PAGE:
The process of estimating the required jacking force to jack a pipe through the ground was, and still is, an art requiring much experience and good judgement. Many factors and risks affect the determination of the jacking force. This paper is an attempt to use civil engineering techniques to rationalize and compare methods for estimating the required jacking force. Four of these methods are summarized and used to estimate the jacking loads on a job completed in Staten Island, New York. The actual and predicted results are compared.
The frictional resistance values estimated based on Terzaghi 1 s silo theory with the parameter values selected based on guidance given in the German AWPC manual 11 ATVA 161 11 and in the Kubota are five to seven times higher than the average actual jacking forces. On the other hand, the frictional resistance force calculated by Marston 1 s formula and Terzaghi 1 s coefficient are about twice the average actual jacking force. Therefore, based on this comparison only, multiplying the force calculated by these latter two formulas by an adequate factor of safety would be more appropriate. Terzaghi Is theory with the parameter set of the ATV A 161 and Kubota method are conservative but not the most economical solution. The penetration or tip resistance values estimated using the shear strength resistance method are much lower than those calculated using the passive earth pressure method, which represents the most conservative method.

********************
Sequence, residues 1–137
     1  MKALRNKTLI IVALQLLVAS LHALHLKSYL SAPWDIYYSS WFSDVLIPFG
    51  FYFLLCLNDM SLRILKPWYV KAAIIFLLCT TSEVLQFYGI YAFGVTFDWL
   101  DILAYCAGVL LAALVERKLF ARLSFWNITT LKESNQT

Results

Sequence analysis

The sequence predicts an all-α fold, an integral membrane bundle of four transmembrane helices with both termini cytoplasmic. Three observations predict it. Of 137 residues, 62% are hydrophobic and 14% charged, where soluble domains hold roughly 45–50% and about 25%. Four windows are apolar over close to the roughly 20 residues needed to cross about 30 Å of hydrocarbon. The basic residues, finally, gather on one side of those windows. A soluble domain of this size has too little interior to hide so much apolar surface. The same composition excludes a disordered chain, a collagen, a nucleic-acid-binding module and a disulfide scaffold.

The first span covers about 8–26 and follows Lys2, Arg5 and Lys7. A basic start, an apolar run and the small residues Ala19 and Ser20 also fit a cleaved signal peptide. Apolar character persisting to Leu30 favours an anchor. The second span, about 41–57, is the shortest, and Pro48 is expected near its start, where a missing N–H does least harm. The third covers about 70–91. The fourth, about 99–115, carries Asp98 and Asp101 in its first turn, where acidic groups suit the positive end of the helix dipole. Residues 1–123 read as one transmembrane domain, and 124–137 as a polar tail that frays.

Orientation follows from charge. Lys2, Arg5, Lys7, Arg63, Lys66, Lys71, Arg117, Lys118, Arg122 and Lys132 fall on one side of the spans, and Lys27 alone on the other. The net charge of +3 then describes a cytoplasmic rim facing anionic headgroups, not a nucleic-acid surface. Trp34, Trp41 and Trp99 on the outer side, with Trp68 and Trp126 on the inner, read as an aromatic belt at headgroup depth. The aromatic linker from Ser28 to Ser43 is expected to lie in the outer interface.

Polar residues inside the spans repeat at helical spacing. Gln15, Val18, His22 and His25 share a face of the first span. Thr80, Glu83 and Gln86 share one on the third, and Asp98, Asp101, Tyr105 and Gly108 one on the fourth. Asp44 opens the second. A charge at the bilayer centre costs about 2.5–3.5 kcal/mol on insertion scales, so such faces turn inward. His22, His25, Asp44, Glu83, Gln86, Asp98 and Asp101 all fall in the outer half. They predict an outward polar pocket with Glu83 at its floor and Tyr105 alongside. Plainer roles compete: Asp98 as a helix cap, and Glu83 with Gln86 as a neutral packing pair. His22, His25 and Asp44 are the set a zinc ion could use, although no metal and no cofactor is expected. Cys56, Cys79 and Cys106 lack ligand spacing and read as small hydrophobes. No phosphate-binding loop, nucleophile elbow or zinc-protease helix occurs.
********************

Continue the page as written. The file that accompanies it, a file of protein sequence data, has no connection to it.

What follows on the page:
Atalah, Alan; Bennett, David; and Iseley, Tom, "Estimating the Required Jacking Force" (1994). Construction Management Faculty Publications. 7.
No-Dig 94, Annual Conference of the North American Society of Trenchless Technology, Dallas, TX